Since then, it’s been more than a place to train, it’s a place to live. While the rest of the country adjusts to new work-from-home norms, Martinez is living in an edifice designed for exactly that dynamic.

“It was weirdly at a perfect time because we have to be quarantined,” Martinez said. “So I’m basically quarantined in a weight room. It’s been awesome for me.”

That he and his father built it themselves brings their journey full-circle.

Martinez is known as one of the most meticulous linebackers in the NFL. Whether it is studying film of opponents or making calls on the field, his four productive seasons with the Packers have shown an attention to detail that few can match.

It’s a characteristic that began, Martinez has said, when he was a kid following his father around on worksites.

Back then, Marc Martinez assigned his son a job. Blake had to pick up all of the nails that were scattered about the area and put them in a bucket. He’d get one cent for each nail he found, and given the size and scope of some of the projects, that could translate into a few bucks a day. Not exactly a great wage, but for a 10-year-old, it was a sweet deal. Each plink in the pail was another penny.

“My high score, I always kept a high score, was probably around 1,200 nails or something like that,” Martinez told reporters when he was drafted by the Packers. “He would give me a little magnet, probably 2 inches by 2 inches, and I'd have to go around and pick up all these nails and I would count them.”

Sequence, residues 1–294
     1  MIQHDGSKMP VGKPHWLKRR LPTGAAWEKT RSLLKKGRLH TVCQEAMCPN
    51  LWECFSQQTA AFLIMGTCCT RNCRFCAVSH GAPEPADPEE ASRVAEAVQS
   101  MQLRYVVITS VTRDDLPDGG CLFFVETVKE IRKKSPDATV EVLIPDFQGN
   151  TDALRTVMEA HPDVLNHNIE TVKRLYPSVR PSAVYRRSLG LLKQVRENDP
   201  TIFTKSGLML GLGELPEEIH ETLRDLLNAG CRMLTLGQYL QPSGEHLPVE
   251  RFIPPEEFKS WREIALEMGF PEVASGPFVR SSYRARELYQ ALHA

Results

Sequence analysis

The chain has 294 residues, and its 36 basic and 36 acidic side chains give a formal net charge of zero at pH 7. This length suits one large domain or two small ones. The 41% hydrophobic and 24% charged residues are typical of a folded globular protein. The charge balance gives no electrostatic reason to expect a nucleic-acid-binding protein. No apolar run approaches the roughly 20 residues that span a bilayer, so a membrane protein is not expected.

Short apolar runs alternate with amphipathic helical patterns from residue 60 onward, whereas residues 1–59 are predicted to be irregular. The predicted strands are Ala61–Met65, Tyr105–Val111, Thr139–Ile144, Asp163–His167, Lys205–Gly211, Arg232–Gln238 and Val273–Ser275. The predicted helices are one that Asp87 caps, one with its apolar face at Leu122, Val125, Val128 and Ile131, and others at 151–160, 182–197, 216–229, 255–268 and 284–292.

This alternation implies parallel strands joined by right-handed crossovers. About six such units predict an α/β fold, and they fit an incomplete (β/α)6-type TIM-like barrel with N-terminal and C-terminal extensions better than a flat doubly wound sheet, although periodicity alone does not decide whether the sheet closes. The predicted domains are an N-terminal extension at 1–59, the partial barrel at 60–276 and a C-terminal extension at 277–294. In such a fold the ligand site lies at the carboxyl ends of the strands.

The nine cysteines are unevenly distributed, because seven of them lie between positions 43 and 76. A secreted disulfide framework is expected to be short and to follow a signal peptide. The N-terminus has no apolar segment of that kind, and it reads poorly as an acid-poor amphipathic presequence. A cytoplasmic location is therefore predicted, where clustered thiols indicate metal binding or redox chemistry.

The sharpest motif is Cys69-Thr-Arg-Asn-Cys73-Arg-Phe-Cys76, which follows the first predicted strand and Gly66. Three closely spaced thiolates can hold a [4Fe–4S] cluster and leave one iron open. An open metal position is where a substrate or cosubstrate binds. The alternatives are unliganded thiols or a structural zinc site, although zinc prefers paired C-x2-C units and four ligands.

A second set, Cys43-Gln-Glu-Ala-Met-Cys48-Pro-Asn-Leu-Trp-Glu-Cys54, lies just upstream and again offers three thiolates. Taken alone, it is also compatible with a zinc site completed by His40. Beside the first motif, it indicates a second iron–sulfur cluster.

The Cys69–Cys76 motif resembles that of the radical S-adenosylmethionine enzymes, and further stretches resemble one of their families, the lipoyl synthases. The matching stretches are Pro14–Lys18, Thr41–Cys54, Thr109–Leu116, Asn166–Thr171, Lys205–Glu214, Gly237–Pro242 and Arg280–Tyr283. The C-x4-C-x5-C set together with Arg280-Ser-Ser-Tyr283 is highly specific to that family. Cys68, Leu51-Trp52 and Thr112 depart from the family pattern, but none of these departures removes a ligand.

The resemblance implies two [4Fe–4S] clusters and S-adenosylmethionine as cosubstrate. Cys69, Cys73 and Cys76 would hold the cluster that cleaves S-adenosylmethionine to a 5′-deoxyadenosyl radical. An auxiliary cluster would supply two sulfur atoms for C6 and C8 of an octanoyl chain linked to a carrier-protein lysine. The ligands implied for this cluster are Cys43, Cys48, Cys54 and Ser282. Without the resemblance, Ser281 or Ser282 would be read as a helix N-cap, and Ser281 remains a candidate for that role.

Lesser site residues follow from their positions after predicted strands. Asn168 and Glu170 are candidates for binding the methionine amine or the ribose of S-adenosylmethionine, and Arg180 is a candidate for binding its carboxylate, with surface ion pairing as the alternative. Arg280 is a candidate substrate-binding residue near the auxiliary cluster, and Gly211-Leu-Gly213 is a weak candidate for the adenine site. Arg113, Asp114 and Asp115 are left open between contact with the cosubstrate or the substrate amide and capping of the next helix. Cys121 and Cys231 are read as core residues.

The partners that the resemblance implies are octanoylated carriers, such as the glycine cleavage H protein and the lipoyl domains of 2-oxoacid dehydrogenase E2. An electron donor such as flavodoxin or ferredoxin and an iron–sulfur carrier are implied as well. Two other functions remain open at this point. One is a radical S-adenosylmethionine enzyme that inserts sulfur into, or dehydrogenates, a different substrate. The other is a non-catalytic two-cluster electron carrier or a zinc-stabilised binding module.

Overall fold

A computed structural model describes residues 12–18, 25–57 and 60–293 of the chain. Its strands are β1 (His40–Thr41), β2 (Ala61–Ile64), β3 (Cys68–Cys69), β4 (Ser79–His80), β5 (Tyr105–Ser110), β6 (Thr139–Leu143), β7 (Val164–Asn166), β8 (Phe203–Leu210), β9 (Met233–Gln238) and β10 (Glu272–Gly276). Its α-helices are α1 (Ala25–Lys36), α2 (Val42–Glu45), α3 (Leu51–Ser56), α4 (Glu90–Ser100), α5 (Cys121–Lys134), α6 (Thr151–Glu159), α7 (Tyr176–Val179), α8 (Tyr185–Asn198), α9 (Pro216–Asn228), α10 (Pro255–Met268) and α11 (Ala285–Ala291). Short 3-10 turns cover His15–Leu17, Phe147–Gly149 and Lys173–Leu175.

There was, however, a catch.

Martinez had to pick up all of the nails. If he missed any of them, no matter how many he had collected, he wouldn’t get any money. He learned the lesson quickly. The money was in being meticulous.

A few years later, Blake asked his father to build him a basketball court. Marc did him one better: He made Blake build it himself. So at 13, Martinez had to dig the hole for the hoop and shovel out a trench to form the borders of the court.

These days, Martinez gets paid much more for nailing opponents on the field than he did for picking up nails in construction fields. The Giants gave him $30 million over three years.

But they also expect that he will attack the job at linebacker the same way he did when his father first “hired” him: with precision and exactness, and with an attention to the granular as well as the widespread. As if all of the good things that he does will be wiped away if he lets just one delinquent detail slip by.

It’s no wonder, then, that Martinez inked his contract in that weight room. It was more than a token gesture or a nice setting for a snapshot. He wasn’t trying to send a subliminal signal to anyone. It was simply the only place that felt right for the act, the place where he is most comfortable and where he literally lives these days.

It was, in effect, Martinez’s signature.